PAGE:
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Adaptations of animals in the tropical rainforest

Updated February 21, 2017

The tropical rainforest is a wet, warm forest of trees that grow very closely together. The canopy (tallest tress) in the rainforest can release 200 gallons of water each year into the atmosphere. The resulting moisture hangs over the forest, keeping the interior warm and humid. Animals living in the rainforest have had to adapt to these wet, warm conditions and have had to find niches that allow them to thrive. They do this by altering species characteristics to fit the tall trees, the constant humidity and the quiet rainforest floor.

Primates

Monkeys and apes have adapted cleverly to tropical rainforests. All have long arms to use the canopy to swing through the trees, avoiding ground predators. The little aye-aye, a small Madagascan primate, has evolved to be a nocturnal feeder in order to escape the clutches of predators in the daylight. Its large eyes allow more light in at night, and it also uses echolocation to find its prey in the dark. The aye-aye takes advantage of tall rainforest trees to build his daytime nest for concealment out of the sight of rainforest floor predators. The aye-aye's oddly elongated middle finger evolved to scoop insects from small holes in tree bark where shorter fingers could not reach.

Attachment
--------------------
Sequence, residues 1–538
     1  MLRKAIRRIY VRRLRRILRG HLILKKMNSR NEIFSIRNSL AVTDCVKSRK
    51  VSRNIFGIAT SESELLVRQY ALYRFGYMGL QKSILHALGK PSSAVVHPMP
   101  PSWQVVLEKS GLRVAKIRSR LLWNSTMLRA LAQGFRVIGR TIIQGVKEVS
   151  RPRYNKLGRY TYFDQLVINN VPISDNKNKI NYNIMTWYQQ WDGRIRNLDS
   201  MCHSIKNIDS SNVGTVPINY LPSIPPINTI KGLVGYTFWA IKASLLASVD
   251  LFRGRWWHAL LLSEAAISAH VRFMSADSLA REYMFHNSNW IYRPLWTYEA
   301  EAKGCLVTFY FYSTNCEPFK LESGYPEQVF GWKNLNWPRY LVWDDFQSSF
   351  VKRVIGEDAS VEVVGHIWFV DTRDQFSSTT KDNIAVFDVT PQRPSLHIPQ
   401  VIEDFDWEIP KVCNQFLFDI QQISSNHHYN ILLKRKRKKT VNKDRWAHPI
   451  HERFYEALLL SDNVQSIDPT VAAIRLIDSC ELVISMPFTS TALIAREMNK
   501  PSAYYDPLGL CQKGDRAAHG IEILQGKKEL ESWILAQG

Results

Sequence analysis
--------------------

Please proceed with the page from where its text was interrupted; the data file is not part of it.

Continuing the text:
Birds

A study by Glenn Tattersall of Brock University in Ontario published by "The American Naturalist" in August 2010 showed that, on average across 214 bird species, 16% of a bird's beak size is accounted for by local annual minimum temperature. Beaks can be significant sources of heat loss, so birds living in tropical areas can afford to have a larger beak than if they were living in colder climes.

Predators

The South American jaguar, with its rich rosette camouflage, has developed the ability to swim well in its wet rainforest home. Adaptations of this sort allow the jaguar to find food not only on the ground but in the plentiful rivers and streams of the Amazon, in the form of fish, turtles and caiman. The jaguar has the ability to climb trees to ambush unsuspecting prey walking on the rainforest floor.

A much smaller predator, the Amazon Horned Frog has developed a body that convincingly mimics "leaf litter." The frog uses its brown-green, leafy-looking body to lie amongst piles of dry leaves and ambush its prey for a lazy dinner.

Camouflage is very important to rainforest predators, as is lightning-fast speed when prey is in sight.

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About the Author

Jillian O'Keeffe has been a freelance writer since 2009. Her work appears in regional Irish newspapers including "The Connacht Tribune" and the "Sentinel." O'Keeffe has a Master of Arts in journalism from the National University of Ireland, Galway and a Bachelor of Science in microbiology from University College Cork.